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Why Are Toys So Special To Children In Poverty?

From water bottles to shoes, the kids we work alongside are creative and innovative when it comes to finding toys.

Toys babies in poverty

Can you remember your favourite childhood toy? That treasured teddy that you carried everywhere, or Lego creation that kept you entertained for hours?

There’s something precious about the companionship and stimulation toys offer kids. Something that defies cultural differences. But sadly children in poverty often don’t have access to age-appropriate toys at home.

Toys are luxury items and they often play with whatever they get their hands on. And sometimes for parents, creating an environment of play is the least of their priorities as they battle to provide food and shelter.

Enjoy this special glimpse into the fascinating world of toys in the lives of children living in poverty. And discover how you can give even more kids the opportunity to survive, thrive and play!

When a toy is a friend

toys in poverty

Kenyan girls holding dolls

Toy penguin girl in Togo

Beatrice was abandoned by her mum when she was two years old. Her grandma courageously stepped in to become her carer, but limited finances meant she struggled to put food on the table. When Beatrice began to suffer from malnutrition, Compassion came alongside the family. Now Beatrice receives regular health checks and nutritional support. She was even provided with a new toy: her beloved stuffed penguin.

When it provides them with the transport to adventure!

girl playing outside in Togo

smiling baby in walker Uganda

children in Kenya playing on a bike

Compassion UK is ensuring children born into poverty have access to toys and playgrounds where they can learn social and motor skills.

Help vulnerable mothers and babies in Togo, by supporting Compassion UK’s Different Path Appeal. Even though our Different Path appeal is now closed you can still donate. Your gift won't be doubled by the UK government, but it will still make a big difference. 

When it's the first toy he ever laid eyes on

teddy bear poverty

When Kevin was seven months old his parents, Elizabeth and David, found out he was blind from congenital cataracts. After enrolling him in Compassion’s Child Survival project, Kevin got the vital surgery to reverse his condition. And at 15 months old, he opened his eyes and experienced the world for the first time. When David waved this teddy bear in front of his face, Kevin came to life. He smiled, chuckled and drooled as he leaned forward to grab his very first toy.

When they made it with their own two hands

homemade football africa

homemade doll Uganda

homemade ball Rwanda

The fact that Impano is alive to make her own rubber ball is incredible. This creative two-year-old has a remarkable story. She was abandoned when she was only hours old and discovered in a bush, covered in ants.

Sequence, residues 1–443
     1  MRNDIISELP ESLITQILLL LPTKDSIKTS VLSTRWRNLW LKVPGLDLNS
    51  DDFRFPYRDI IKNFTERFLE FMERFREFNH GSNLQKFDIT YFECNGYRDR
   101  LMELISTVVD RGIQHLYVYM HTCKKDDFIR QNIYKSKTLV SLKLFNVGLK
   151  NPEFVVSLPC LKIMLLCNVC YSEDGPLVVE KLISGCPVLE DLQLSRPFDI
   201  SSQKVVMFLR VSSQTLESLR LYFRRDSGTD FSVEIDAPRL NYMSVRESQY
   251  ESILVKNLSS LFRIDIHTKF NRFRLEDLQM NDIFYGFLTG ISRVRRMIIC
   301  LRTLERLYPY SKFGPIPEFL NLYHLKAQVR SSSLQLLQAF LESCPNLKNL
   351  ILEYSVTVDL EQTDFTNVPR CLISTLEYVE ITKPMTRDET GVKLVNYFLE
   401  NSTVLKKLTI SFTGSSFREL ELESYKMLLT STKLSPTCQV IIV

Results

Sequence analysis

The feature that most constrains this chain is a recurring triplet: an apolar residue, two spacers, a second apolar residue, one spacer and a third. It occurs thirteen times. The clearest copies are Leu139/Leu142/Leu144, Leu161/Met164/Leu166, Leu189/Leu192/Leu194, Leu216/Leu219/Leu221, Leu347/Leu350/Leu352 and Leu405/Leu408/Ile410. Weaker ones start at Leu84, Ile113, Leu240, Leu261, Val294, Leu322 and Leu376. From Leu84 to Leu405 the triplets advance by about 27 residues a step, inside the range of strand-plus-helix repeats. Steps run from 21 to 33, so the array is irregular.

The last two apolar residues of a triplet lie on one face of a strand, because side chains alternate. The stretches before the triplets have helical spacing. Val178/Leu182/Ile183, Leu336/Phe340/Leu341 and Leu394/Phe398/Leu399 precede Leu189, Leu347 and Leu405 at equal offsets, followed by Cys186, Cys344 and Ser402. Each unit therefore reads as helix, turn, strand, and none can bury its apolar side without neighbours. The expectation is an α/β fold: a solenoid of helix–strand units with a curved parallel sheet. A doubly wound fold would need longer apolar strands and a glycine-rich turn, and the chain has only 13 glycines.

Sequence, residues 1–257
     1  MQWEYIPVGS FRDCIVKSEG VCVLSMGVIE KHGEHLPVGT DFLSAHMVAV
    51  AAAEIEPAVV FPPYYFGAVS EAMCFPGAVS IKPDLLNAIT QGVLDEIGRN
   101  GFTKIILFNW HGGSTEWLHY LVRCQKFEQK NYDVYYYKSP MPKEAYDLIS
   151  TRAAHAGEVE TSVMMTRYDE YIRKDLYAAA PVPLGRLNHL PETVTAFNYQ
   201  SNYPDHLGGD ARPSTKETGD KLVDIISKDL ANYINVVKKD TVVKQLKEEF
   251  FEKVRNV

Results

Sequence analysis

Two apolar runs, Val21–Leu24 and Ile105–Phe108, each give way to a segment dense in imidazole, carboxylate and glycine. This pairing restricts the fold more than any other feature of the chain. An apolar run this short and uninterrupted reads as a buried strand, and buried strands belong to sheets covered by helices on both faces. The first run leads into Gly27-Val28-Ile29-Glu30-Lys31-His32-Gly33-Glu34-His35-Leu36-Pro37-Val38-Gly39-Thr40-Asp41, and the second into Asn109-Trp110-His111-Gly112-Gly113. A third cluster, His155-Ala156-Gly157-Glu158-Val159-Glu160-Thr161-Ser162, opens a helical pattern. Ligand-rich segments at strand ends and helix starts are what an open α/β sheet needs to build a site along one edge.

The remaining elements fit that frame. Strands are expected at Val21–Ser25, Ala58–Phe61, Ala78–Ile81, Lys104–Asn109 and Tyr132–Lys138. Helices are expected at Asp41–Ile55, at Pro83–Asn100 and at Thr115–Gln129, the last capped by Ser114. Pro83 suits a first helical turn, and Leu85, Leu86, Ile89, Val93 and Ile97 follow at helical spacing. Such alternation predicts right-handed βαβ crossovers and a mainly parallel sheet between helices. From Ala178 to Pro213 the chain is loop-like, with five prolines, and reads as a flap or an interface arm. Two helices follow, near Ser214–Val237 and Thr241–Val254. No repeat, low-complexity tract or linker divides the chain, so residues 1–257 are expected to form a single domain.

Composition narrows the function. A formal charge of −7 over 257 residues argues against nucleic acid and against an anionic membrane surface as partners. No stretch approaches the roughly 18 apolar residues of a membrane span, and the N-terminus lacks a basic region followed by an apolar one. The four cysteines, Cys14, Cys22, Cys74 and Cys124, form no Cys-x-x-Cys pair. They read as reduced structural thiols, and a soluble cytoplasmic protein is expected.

“When I saw [Impano] my motherly instincts just kicked in. I tried my best to wipe off the ants from her body, although they were biting her. I could see she was a newborn – she was a few hours old – because the piece of umbilical cord attached to her belly was still fresh. I wrapped her in the kitenge to warm her up after spending so many hours in the cold, and then I ran with her to the health centre,” recalls her adoptive mum Geraldine.

“When Impano was two months old she was registered into the Compassion Child Survival project, which is something I’m still so grateful to God for. The project began giving us milk and food to supplement the breastmilk and they still do it to this day. This has kept Impano healthy and you can see that she is growing.”

When it's a tool for holistic child development

child survival play room

compassion toy library

Children in poverty often have limited access to toys so it’s common to see spaces like this at our Child Survival projects. Mums and their babies get to come and learn how to bond with each other over play. Little ones get to learn social and motor skills with age-appropriate toys as they grow. Some projects even have Toy Libraries where kids have structured playtime and can try out new toys.

Pre-loved toys can be just as special the second time around

boys playing with a truck

Playing with toys Ghana

Emmanuella’s mother Comfort saved up so she could purchase second-hand, age-appropriate toys to help her baby girl develop through play.

When it helps them dream of adventures beyond their circumstances

family playing with toy

Rwandan toddler playing with toy

Play is so important in helping mums and their babies to bond. You can help Compassion UK to provide babies and toddlers with safe spaces to play, grow, belong and dream.

Save the lives of vulnerable mothers and babies in Togo by supporting Compassion UK’s Different Path Appeal. Even though our Different Path appeal is now closed you can still donate. Your gift won't be doubled by the UK government, but it will still make a big difference. 

Donations made to Compassion UK’s Different Path appeal will be used to help mothers and babies in Togo access life-saving support. This includes; health screenings, medical advice, hygiene supplies, nutritional supplements and education that will help secure a healthy future for them and their families.

WORDS : Compassion UK, Compassion Field Communications Specialists

PHOTOS : Compassion UK



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